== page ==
Part 1 in B flat
One tone higher than concert pitch. Suitable for: clarinets, trumpets, cornets, flugelhorns.

Part 1 in E flat
Major sixth above concert pitch. Suitable for: alto saxophone, Eb clarinet

Part 1a in E flat
Minor third lower than concert pitch. Suitable for: solo Eb cornet.


PART 2: ALTO LINE


Part 2 in C
Same as Part 2 in C but written in octaves. Suitable for: flutes, oboes, or other C-melody instruments such as violins.

Part 2 in B flat
This part is written one tone higher than concert pitch. Suitable for: trumpets, cornets, clarinets or Bb soprano saxophones.

Part 2 in E flat
Major sixth above concert pitch. Suitable for: Eb alto saxophone, Eb clarinet


PART 3: TENOR LINE (a)

Part 3 in C
At concert pitch in the bass clef. It is intended for trombone in stage band use, normally a little high for concert band or symphonic band. Suitable for: trombones.

Part 3 in F
One fifth higher that concert. Suitable for: French horns.

Part 3 in E flat
One sixth higher than concert. Suitable for: Eb tenor horns or alto saxophones.

Part 3 in B flat
One ninth above concert. Suitable for: Bb tenor saxophones, Bb baritones.

Part 3a in B flat
One tone above concert. Intended for 3rd Bb clarinets in symphonic or marching bands but could be used by other Bb instruments.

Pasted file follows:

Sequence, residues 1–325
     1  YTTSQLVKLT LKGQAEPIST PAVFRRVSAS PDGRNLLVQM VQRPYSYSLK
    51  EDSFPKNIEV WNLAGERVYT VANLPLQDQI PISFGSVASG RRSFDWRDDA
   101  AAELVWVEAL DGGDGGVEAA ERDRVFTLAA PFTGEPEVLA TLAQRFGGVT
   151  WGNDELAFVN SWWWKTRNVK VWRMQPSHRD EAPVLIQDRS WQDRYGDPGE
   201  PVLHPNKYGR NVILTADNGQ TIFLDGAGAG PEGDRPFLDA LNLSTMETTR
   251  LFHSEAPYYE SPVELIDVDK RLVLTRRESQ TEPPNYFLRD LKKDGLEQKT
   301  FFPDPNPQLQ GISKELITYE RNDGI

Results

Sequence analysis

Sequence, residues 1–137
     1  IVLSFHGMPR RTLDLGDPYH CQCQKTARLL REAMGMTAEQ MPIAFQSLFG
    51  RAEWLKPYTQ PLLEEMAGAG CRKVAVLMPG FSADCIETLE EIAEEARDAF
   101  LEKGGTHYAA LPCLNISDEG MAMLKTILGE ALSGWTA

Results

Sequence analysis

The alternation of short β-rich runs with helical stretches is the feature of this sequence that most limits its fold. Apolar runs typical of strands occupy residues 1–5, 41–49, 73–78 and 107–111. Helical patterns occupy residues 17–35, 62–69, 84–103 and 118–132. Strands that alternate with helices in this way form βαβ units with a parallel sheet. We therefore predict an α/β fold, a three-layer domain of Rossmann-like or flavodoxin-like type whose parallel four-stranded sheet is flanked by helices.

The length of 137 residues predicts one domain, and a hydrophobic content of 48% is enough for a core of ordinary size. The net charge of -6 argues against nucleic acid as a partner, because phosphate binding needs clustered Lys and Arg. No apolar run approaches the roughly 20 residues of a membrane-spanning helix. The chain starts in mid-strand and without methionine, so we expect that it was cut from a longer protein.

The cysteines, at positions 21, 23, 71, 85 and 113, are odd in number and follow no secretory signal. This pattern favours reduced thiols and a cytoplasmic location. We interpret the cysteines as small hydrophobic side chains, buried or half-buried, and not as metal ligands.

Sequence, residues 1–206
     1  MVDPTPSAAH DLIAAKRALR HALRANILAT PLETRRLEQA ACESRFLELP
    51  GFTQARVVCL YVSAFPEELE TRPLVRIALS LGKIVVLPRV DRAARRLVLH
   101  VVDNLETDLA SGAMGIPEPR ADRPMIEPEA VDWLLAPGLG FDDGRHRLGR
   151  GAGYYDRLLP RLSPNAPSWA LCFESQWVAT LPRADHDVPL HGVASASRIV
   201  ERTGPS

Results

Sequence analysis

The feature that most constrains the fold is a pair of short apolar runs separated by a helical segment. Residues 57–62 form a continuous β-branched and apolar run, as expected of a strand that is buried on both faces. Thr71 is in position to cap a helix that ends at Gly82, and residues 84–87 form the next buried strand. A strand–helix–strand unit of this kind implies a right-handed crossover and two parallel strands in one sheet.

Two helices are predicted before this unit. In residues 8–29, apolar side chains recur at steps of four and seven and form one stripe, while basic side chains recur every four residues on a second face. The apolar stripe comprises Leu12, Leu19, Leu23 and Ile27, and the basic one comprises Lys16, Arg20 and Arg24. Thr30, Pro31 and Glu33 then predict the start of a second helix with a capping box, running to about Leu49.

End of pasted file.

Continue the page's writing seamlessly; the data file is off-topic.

Part 3 in C (alto)
At concert pitch in the alto clef. May be useful when arrangements played by strings.

PART 4: TENOR LINE (b)


Part 4 in C
At concert pitch in the bass clef. Suitable for: trombones, bassoons.

Part 4 in F
One fifth higher that concert. Suitable for: French horns

Part 4 in E flat
One sixth higher than concert. Suitable for: Eb tenor horns or alto saxophones.

Part 4 in B flat
One ninth above concert. Suitable for: Bb tenor saxophones, Bb baritones, euphoniums.

PART 5: BARITONE LINE

Part 5 in C
At concert pitch in the bass clef. Suitable for: trombones, bassoons.

Part 5 in B flat
One ninth above concert. Suitable for: Bb tenor saxophones, Bb baritones, euphoniums.

PART 6: BASS LINE

Part 6 in C
At concert pitch in the bass clef in octaves. Suitable for: bass trombones, contrabassoon, tubas

Part 6 in E flat
Octave and sixth higher than concert in treble clef. Suitable for: Eb basses, Eb baritone saxophone.

Part 6 in B flat
One ninth higher than concert in treble clef. Suitable for: Bb basses, Bb contrabass clarinet.

PERCUSSION AND TIMPANI

Each anthem is supplied with a percussion part that requires three players: snare drum, bass drum and cymbals. In all the arrangements, the timpani part is limited to three drums and generally percussion has been scored somewhat lightly. Of course, if you are playing as a string ensemble or brass ensemble, the percussion would be omitted altogether.

PIANO REDUCTION


This is a piano reduction of the full score and is intended to be used when the ensemble contains a piano, or when there are gaps in the ensemble. With the piano reduction, you can play this anthem as an instrumental solo, duet or trio. Anything!


Finally, the list above is intended to show the wide range of possibilities. If you have a non-standard ensemble, you may need to experiment a little with the voicings to get the sound you want. Remember that Part 5 is not essential so if you miss it out entirely, there will be no problem.